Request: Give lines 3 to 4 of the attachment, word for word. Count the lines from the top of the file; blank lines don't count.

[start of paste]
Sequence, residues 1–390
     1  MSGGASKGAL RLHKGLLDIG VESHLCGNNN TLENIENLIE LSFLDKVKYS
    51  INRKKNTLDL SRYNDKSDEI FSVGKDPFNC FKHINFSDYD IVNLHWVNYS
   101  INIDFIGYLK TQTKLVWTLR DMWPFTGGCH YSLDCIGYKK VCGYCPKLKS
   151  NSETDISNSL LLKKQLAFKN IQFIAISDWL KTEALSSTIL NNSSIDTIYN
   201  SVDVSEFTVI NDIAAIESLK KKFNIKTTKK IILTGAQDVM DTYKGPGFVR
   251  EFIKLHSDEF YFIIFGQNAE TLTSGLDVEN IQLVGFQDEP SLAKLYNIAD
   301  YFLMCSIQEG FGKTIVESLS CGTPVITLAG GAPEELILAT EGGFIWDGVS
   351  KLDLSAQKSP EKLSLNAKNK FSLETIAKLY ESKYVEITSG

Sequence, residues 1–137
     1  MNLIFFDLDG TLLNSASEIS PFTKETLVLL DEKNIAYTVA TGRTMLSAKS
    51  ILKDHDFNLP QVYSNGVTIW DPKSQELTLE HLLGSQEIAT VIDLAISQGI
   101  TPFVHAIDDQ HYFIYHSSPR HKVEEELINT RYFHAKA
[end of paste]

    51  INRKKNTLDL SRYNDKSDEI FSVGKDPFNC FKHINFSDYD IVNLHWVNYS
   101  INIDFIGYLK TQTKLVWTLR DMWPFTGGCH YSLDCIGYKK VCGYCPKLKS